Rangers in hot water for dumping Pride Night warm-up jerseys

The New York Rangers are under fire from the hockey world after changing plans and refraining from wearing Pride Night warm-up jerseys for Friday’s game against the Vegas Golden Knights.

The Rangers advertised that they had put on rainbow-themed jerseys and tape for Friday’s game. The team wore similar designs at previous Pride Night celebrations, including in 2022.

They also trotted out these looks in 2021.

It’s worth noting that the Rangers celebrated their 2023 version of Pride Night in a variety of ways. Broadway star Michael James Scott sang the national anthem, NYC Pride’s Andre Thomas participated in the ceremonial puckdrop, and Madison Square Garden’s iconic ceiling was lit up in rainbow colors. Some fans even received themed fanny packs upon entering the arena for the game.

Those moments were understandably overshadowed by the decision to wear retro uniforms instead of these promoted Pride Night uniforms. Following the Rangers’ win against the Vegas Golden Knights, the club released this canned statement.

“Our organization respects the LGBTQ+ community and we are proud to highlight key local community organizations as part of another great Pride Night. In line with our organization’s core values, we support everyone’s individual right to respectfully express their beliefs .”

Less than two weeks after Philadelphia Flyers defenseman Ivan Provorov refused to wear a Pride Night warm-up jersey, it’s common to take issue with the wording, “we support everyone’s individual right to respectfully express their beliefs.”

Some speculate if the Rangers decided not to wear Pride Night jerseys to cover up a player or several players who did not want to participate.

There is currently no clear answer to these kinds of questions. The New York Post’s Mollie Walker and Larry Brooks spoke to two anonymous Rangers who were unaware that the team would not be wearing Pride Night jerseys, indicating it may have been a decision made by someone else in the organization.

“Two players separately told Post colleague Larry Brooks and me that there were no team discussions about wearing the pride-themed jerseys and tape. They didn’t know why they weren’t wearing them. Brooks also contacted the Deputy Commissioner and Chief of the NHL legal officer, Bill Daly, to see if teams had been advised not to proceed with their original Pride Night plans in the wake of Provorov’s refusal Daly said no and that each club has the right to continue to go at your own discretion.”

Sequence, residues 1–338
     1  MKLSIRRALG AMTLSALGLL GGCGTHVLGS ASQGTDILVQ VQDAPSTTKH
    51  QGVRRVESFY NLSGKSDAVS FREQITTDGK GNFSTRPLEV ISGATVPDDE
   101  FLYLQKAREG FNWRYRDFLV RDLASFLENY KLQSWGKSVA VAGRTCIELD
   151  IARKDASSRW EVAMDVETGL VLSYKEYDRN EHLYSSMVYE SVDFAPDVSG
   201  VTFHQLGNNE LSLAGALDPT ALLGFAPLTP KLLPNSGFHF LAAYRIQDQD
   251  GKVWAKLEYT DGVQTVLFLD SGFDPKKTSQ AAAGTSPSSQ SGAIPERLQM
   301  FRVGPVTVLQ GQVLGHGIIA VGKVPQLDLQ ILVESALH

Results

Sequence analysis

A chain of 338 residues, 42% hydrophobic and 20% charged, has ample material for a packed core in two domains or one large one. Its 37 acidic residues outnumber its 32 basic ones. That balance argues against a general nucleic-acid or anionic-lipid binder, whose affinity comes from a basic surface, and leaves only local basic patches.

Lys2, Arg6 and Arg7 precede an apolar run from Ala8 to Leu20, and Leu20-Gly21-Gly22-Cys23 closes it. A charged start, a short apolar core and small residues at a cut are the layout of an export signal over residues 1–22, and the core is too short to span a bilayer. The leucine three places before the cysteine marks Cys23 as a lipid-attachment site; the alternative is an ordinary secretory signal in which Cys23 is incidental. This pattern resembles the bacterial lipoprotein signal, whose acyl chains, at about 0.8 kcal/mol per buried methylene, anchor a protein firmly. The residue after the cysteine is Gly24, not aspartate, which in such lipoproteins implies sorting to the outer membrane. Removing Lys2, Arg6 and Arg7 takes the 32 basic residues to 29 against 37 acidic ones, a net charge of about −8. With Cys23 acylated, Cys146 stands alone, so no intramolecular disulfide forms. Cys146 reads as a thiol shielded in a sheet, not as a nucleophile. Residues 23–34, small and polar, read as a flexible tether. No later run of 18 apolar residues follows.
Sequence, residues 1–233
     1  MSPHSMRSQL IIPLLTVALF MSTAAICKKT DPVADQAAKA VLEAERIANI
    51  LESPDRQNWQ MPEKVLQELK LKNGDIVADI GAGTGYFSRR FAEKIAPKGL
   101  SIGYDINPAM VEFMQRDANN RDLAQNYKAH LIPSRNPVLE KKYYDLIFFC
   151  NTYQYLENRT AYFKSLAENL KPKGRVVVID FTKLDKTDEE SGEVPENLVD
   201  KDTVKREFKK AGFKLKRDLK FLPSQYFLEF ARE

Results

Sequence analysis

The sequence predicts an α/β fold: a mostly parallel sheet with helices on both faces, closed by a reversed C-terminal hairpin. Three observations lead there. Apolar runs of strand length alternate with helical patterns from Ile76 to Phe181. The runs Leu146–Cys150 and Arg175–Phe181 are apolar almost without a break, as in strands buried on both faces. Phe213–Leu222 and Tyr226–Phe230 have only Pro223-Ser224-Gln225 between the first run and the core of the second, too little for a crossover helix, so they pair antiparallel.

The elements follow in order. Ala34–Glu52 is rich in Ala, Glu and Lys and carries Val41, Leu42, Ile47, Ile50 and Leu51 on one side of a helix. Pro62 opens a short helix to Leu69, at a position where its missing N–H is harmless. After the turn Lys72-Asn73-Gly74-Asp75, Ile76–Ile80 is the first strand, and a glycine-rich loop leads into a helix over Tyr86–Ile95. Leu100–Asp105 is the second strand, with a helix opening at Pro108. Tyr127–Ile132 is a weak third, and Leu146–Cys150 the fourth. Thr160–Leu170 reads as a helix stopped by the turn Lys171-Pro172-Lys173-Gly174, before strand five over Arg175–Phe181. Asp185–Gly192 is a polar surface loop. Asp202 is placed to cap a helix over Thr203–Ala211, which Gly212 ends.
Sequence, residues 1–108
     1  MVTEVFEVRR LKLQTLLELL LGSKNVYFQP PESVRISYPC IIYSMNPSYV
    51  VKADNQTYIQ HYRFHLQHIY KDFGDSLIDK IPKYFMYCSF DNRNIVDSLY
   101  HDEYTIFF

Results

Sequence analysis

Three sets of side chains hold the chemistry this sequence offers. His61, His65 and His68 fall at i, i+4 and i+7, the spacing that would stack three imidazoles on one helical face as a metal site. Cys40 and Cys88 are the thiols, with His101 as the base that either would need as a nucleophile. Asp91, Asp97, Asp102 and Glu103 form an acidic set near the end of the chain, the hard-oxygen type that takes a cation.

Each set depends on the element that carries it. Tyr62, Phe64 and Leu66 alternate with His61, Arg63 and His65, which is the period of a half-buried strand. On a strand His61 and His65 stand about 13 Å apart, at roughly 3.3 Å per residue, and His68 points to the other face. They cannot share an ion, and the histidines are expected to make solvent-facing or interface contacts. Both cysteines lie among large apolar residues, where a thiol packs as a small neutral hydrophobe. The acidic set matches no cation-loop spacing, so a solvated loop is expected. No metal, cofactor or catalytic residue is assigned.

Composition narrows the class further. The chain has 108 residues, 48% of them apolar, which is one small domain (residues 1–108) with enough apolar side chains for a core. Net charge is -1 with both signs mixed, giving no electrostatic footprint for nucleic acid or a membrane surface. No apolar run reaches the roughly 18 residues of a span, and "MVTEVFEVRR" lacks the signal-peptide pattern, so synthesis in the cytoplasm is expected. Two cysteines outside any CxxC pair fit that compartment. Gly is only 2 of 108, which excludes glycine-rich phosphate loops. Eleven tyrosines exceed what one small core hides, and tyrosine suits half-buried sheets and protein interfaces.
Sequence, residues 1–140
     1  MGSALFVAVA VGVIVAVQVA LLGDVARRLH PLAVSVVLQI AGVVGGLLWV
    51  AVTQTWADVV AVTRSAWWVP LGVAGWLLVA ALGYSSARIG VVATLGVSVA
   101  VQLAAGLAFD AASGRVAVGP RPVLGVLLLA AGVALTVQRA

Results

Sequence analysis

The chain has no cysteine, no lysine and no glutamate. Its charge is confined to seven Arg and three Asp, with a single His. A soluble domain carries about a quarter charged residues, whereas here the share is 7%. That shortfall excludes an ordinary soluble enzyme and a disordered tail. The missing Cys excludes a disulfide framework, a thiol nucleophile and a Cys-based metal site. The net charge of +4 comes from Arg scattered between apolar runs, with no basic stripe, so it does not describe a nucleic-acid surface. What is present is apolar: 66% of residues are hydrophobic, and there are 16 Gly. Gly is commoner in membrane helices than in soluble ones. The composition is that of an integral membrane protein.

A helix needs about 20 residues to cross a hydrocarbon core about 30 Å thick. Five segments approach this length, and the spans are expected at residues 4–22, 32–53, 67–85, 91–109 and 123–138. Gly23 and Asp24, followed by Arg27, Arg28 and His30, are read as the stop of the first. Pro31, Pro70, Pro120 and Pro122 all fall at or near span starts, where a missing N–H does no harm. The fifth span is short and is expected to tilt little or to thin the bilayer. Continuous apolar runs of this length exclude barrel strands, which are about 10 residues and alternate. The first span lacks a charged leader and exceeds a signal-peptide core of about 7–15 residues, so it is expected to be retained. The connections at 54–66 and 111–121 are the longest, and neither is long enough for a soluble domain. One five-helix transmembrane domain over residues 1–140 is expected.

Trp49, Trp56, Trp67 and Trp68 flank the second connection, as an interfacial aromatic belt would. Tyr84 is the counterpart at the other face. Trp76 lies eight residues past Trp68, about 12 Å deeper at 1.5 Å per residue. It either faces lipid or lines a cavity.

Some believe this change of plans borders on false advertising.

One of the sharpest criticisms focuses on another possible side effect: Could this negatively impact the charity aspects of Rangers’ Pride Night? Would people pay less money for themed jerseys if they weren’t worn through the game or even worn before the game? (The jerseys would be auctioned and the proceeds would go to charity.)

ESPN’s Greg Wyshynski received a response from NYC Pride upon learning that the Rangers were not wearing the Pride Night jerseys, which included the following:

“NYC Pride is honored to participate in these celebrations, including last night at Madison Square Garden. NYC Pride was not made aware of our participation in last night’s ceremonial puckdrop that Pride jerseys and rainbow tape would not have been worn as advertised. We understand and appreciate that this has been a great disappointment to the LGBTQ+ community in New York and beyond.”

The Rangers’ decision drew predictable criticism from online hockey fans.

Indeed, many people, both inside and outside the LGBTQ+ community, are disappointed with the way the Rangers and Flyers have handled recent decisions. Time will tell if the NHL and its teams will learn valuable lessons, or continue to push their way through what should be positive moments and initiatives.

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